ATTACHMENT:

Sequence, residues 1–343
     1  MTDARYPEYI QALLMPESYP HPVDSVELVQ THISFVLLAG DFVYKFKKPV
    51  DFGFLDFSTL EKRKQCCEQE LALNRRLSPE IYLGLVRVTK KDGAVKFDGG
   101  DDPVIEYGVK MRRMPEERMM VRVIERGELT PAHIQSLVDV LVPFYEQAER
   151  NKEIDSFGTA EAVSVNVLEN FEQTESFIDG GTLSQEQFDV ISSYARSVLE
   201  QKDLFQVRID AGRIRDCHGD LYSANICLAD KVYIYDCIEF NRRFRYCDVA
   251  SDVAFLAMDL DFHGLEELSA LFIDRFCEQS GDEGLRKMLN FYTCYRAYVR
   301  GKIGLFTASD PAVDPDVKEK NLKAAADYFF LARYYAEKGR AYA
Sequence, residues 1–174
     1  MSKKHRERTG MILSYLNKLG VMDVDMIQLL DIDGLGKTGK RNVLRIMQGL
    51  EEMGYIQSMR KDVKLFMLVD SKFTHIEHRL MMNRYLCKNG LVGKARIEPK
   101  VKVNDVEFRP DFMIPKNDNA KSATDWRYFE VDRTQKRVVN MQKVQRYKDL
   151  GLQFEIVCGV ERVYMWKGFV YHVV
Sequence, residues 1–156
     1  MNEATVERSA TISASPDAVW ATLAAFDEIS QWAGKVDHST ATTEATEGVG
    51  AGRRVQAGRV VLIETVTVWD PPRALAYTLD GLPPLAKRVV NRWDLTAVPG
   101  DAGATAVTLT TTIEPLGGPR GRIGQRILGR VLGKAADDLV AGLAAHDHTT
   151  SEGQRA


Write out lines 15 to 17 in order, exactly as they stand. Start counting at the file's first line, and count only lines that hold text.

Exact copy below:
     1  MNEATVERSA TISASPDAVW ATLAAFDEIS QWAGKVDHST ATTEATEGVG
    51  AGRRVQAGRV VLIETVTVWD PPRALAYTLD GLPPLAKRVV NRWDLTAVPG
   101  DAGATAVTLT TTIEPLGGPR GRIGQRILGR VLGKAADDLV AGLAAHDHTT